– t.b.
    May 21, 2011 at 13:30
  • $\begingroup$ About the $\mod 2$ thing: one can also consider other values of $2$! Searching arXiv for «$N$-complex» will bring up information about complexes where $d^N$ is zero and not the square: in that context you of course (?) use other roots of unity and not $-1$. $\endgroup$ May 21, 2011 at 16:10

1 Answer 1


One algebraic way to motivate this is to observe that the signs in the differential for the Hom are precisely what is needed for 0-cycles in the $\hom(A,B)$ complex to be the set of morphisms of complexes $A\to B$ (and also, that the 0th homology group $H_0(\hom(A,B))$ is the set of homotopy classes of morphisms $A\to B$). This is quite great.

Once you decide you want this, all the other signs you mention follow because you need various things to hold. For example, you want the adjuntion between $\hom$ and $\otimes$ to hold for the internal versions, so this forces you to add signs to the $\otimes$, and so on.


A topological, indirect explanation for the appearence of most signs is that in the long exact sequence of bases maps corresponding to a map $f:X\to Y$, which looks like $$X\to Y\to C(f)\to S(X) \to S(Y) \to S(C(f)) \to \cdots$$ there is a "sign" which you cannot get rid of. This sign reproduces itself in every algebraic version.

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    $\begingroup$ Of course I agree but I have a very silly question: Do you have a good explanation why I would want to decide I want this? In other words: How do you motivate the leap from morphisms to $0$-cycles or homotopy classes? $\endgroup$
    – t.b.
    May 21, 2011 at 12:46
  • $\begingroup$ @Theo: When the complexes are projective resolutions of modules over a ring, you want the homology in degree zero to be $Ext^0$, which is the $\hom$ between the modules. One can probaby flesh this into a motivation :) $\endgroup$ May 21, 2011 at 12:53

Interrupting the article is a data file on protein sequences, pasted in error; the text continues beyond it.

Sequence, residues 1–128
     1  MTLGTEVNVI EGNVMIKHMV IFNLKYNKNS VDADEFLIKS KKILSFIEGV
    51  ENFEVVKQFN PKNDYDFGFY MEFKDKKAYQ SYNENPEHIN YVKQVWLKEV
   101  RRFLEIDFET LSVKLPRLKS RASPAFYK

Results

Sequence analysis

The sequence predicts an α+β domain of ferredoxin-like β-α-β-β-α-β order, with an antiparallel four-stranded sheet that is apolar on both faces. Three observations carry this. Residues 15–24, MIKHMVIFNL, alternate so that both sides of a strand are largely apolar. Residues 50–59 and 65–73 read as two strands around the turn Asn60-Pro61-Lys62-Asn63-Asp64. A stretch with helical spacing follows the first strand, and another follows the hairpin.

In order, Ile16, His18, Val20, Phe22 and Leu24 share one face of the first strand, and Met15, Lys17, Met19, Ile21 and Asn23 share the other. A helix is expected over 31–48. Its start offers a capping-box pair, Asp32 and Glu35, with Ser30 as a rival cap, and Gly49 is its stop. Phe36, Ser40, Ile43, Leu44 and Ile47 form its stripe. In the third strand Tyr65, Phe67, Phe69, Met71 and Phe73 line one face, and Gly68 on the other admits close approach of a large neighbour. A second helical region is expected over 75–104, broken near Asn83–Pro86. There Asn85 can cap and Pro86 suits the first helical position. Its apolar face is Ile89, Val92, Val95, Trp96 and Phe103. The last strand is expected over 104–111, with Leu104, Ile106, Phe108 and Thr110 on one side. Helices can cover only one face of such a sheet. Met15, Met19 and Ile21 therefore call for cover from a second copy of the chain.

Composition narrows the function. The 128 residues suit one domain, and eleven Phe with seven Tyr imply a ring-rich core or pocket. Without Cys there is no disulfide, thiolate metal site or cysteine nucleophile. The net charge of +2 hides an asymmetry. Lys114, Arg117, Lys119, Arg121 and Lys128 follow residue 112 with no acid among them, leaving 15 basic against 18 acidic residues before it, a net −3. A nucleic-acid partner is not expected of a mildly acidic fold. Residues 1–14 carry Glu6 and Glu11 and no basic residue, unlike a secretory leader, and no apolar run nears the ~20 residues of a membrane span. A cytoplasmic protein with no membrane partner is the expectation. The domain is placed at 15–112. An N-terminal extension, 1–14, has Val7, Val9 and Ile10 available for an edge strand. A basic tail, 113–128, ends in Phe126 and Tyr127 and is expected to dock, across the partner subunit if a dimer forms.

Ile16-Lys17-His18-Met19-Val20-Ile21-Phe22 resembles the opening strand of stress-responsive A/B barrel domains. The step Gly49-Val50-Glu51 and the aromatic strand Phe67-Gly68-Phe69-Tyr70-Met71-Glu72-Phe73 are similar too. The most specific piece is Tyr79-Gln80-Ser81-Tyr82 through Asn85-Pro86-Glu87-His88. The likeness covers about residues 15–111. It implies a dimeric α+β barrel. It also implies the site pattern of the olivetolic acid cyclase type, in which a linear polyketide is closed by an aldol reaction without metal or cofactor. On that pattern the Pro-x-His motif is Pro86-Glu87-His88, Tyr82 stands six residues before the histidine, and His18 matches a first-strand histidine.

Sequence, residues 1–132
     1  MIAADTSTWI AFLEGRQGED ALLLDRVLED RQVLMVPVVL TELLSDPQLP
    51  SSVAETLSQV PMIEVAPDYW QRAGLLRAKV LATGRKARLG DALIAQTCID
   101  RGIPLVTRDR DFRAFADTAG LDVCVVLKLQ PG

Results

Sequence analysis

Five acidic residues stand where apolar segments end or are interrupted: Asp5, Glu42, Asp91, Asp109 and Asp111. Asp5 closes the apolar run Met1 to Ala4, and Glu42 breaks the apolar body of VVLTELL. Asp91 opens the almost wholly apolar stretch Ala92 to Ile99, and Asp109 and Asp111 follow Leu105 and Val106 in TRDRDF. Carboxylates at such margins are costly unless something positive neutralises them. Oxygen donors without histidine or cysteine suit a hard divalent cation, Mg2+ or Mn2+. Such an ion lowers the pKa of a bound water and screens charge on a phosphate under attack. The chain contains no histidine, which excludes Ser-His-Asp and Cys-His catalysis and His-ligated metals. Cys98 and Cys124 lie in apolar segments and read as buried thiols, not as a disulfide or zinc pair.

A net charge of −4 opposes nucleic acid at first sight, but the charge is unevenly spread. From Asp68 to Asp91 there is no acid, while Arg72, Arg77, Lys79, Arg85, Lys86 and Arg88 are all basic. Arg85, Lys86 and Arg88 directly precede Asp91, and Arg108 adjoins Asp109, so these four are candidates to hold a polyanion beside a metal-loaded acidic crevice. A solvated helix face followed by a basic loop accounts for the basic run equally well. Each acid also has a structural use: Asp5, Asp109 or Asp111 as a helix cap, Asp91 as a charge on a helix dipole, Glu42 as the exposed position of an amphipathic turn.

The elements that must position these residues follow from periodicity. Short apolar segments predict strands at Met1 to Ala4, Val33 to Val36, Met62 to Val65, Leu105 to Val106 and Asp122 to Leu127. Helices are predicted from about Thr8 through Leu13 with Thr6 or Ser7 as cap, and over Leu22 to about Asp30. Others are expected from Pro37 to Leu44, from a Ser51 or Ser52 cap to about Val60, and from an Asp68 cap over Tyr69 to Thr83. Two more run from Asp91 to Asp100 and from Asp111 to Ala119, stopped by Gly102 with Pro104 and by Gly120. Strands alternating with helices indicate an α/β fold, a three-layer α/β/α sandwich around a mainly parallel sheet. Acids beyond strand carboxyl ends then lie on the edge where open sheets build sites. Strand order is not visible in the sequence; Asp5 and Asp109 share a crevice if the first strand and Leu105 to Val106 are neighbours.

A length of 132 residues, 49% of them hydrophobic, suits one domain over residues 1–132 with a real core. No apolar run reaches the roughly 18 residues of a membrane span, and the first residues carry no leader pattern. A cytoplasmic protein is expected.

• $\begingroup$ @Theo: if one thinks of chain complexes as algebraic analogues of topological spaces and internal hom as an algebraic analogue of the internal hom in a nice category of topological spaces, then $0$-cycles are analogues of points and $1$-cycles are analogues of homotopies between points, so a $0$-cycle in the internal hom is a continuous map and a $0$-cycle up to boundaries is a homotopy class of continuous maps. $\endgroup$ May 21, 2011 at 13:01
  • $\begingroup$ this is precisely my reason for caring about the internal hom, but it feels like putting the cart before the horse. I feel like there should be a natural reason this all falls out of the definition of the category of chain complexes and I don't know what that reason is. Can you explain that last paragraph a little more? I'm not sure I know what the notation in it means. $\endgroup$ May 21, 2011 at 13:04
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    $\begingroup$ @eric, the sequence is the so called Puppe sequence. If you look up its construction, you'll see that one of the maps involves a reversal of orientation (you construct the suspension of something in an indirect way, which gives you the space "upside down") $\endgroup$ Jun 22, 2016 at 18:55